Below are the steps needed to get the CSR1000v working in VMware Fusion on a Mac. Before we look at the steps here is the hardware and software I used:
Basically you need a quad core machine with a hypervisor (VMware, Virtual Box, KVM, etc). I just used VMware Fusion as it’s a commonly used hypervisor. Additionally I used two USB NICs to map to the GigabitEthernet1 and GigabitEthernet2 interfaces inside the CSR1000v. You could use any NICs or even subinterfaces if you are using Linux (Mac OS does support VLANs but I personally have not tried it with VMware Fusion). The GigabitEthernet0 is the management interface that is associated with the “Mgmt-intf” VRF so I didn’t want to use it for the internal and internet facing interfaces.
Download the CSR1000v OVA (Open Virtualization Archive) file here if you haven’t already done so. Note that you will need to use your Cisco CCO login to download.
Once the file has been downloaded, start the installation by finding the .ova file and double-clicking it. It will then open the VMWare Fusion window below:
Now that the machine has been imported you can start it.
We need to map the GigabitEthernet interfaces from the CSR1000v to the USB NICs.
We can verify the CSR1000v’s interfaces with VMware. A good way is to check the MAC addresses as VMware will show you the MAC address of each NIC in the settings.
It’s now ready to apply your configuration. Last night I used it as my home router (50Mbps down and 20Mbps up) and here was the performance numbers after I activated the 50Mbps throughput demo license/span>
CSR1000v(config)#platform hardware throughput level ? 10000 throughput in kbps 25000 throughput in kbps 50000 throughput in kbps CSR1000v(config)#platform hardware throughput level
Here is the very basic configuration that I used in the CSR1000v to provide internet access:
CSR1000v#sho run Building configuration... Current configuration : 1816 bytes ! ! Last configuration change at 04:06:59 UTC Fri Apr 19 2013 ! version 15.3 service timestamps debug datetime msec service timestamps log datetime msec service password-encryption no platform punt-keepalive disable-kernel-core platform console virtual platform hardware throughput level 50000 ! hostname CSR1000v ! boot-start-marker boot-end-marker ! ! vrf definition Mgmt-intf ! address-family ipv4 exit-address-family ! address-family ipv6 exit-address-family ! enable secret 4 wnIsLyS.p9pNIRVWPyb98mg0322nrnyQVqPabl7clC1 ! no aaa new-model ! ! ! ! ! no ip domain lookup ip dhcp excluded-address 10.0.1.200 10.0.1.254 ip dhcp excluded-address 10.0.1.1 10.0.1.99 ! ip dhcp pool INSIDE network 10.0.1.0 255.255.255.0 default-router 10.0.1.254 dns-server 188.8.131.52 ! ! ! ! ! ! ! ! ! ! ! multilink bundle-name authenticated ! ! ! ! ! ! ! license accept end user agreement spanning-tree extend system-id ! ! redundancy mode none ! ! ! ! ! ! ip tftp source-interface GigabitEthernet0 ! ! ! ! ! ! ! ! ! ! ! ! ! interface Loopback0 ip address 184.108.40.206 255.255.255.255 ! interface GigabitEthernet1 ip address 10.0.1.254 255.255.255.0 ip nat inside negotiation auto ! interface GigabitEthernet2 ip address dhcp ip nat outside negotiation auto ! interface GigabitEthernet0 vrf forwarding Mgmt-intf ip address dhcp negotiation auto ! ip nat inside source list ACL_NAT interface GigabitEthernet2 overload ip forward-protocol nd ! no ip http server no ip http secure-server ! ip access-list standard ACL_NAT permit 10.0.1.0 0.0.0.255 ip access-list standard ACL_TELNET permit 10.0.1.0 0.0.0.255 ! ! ! ! control-plane ! ! ! ! ! ! ! ! line con 0 stopbits 1 line aux 0 stopbits 1 line vty 0 4 access-class ACL_TELNET in privilege level 15 password 7 XXXXXXXX login ! ! end CSR1000v#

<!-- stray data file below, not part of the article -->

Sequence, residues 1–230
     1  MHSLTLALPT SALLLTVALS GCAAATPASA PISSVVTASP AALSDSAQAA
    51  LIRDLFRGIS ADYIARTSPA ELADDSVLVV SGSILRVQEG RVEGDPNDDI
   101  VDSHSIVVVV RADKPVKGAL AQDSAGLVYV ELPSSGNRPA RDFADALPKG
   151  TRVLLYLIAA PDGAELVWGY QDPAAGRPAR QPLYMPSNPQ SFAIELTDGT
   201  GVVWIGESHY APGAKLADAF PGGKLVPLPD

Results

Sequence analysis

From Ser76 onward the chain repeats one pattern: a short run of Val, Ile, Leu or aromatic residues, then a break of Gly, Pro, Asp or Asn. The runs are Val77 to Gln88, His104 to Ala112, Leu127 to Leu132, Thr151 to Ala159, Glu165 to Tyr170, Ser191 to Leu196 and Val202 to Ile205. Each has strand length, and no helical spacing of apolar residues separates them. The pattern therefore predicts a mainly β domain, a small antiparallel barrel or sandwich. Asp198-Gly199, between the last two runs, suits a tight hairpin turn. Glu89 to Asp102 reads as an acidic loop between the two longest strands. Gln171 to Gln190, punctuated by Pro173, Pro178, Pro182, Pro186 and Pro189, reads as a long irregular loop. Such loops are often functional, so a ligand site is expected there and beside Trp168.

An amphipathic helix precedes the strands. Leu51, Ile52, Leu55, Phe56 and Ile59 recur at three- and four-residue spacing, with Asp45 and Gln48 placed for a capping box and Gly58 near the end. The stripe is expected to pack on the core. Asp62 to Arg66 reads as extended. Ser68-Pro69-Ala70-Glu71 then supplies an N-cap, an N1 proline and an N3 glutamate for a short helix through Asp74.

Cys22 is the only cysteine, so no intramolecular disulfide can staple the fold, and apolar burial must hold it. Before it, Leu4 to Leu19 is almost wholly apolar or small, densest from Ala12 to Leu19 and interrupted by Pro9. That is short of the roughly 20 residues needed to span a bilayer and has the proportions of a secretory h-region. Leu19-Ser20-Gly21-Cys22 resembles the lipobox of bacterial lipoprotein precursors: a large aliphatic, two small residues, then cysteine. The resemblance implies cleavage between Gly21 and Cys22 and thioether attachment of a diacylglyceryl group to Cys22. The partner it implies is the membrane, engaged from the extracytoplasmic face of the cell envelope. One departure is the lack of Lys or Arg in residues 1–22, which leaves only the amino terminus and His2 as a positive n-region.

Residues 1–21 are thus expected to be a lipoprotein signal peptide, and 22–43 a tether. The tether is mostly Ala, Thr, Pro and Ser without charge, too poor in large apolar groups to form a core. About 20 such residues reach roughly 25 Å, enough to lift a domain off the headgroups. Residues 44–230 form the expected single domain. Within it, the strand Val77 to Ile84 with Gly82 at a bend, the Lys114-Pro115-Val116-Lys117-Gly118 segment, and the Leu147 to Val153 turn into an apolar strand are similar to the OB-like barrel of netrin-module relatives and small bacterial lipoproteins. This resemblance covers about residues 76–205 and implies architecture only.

Note that you may find it easier to configure the G0 interface within VMware as “host only” so that it’ll provide an IP address to the CSR1000v’s management interface via DHCP. This way all you need to do is enable telnet access under the VTYs and not have to work on the VMware virtual console as there are limitations with cut/paste along with scroll back.
About Brian Dennis, CCIE #2210:
Brian Dennis has been in the networking industry for more than 22 years, with a focus on Cisco networking for the past 16 years. Brian achieved his first CCIE in Routing & Switching in 1996, and is currently the only ten year CCIE that holds five CCIE certifications. Prior to working with INE, Brian taught and developed CCIE preparation courses for various well known training organizations. Brian not only brings his years of teaching experience to the classroom, but also years of real world enterprise and service provider experience.
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